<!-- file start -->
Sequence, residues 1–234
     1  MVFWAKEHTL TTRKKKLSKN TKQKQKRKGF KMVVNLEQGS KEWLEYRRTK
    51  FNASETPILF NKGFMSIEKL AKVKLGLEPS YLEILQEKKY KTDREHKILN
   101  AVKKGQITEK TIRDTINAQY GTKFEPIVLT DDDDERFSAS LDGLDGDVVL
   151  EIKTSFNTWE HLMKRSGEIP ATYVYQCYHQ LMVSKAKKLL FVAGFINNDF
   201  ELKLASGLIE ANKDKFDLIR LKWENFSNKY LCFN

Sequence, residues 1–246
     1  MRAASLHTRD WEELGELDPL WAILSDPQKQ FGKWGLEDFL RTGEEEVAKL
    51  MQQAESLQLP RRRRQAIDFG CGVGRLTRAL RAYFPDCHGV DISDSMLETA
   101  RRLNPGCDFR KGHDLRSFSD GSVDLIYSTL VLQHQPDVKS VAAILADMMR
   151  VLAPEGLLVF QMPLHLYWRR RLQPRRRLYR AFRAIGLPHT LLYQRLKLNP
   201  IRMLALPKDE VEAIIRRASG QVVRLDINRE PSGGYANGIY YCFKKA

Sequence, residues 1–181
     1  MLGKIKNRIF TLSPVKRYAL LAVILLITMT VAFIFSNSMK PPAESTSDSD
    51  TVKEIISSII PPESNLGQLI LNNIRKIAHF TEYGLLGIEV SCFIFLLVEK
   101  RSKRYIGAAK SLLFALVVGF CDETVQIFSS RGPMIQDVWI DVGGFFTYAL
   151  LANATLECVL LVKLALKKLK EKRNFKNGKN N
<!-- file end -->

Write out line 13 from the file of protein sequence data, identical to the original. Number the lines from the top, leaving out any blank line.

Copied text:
Sequence, residues 1–181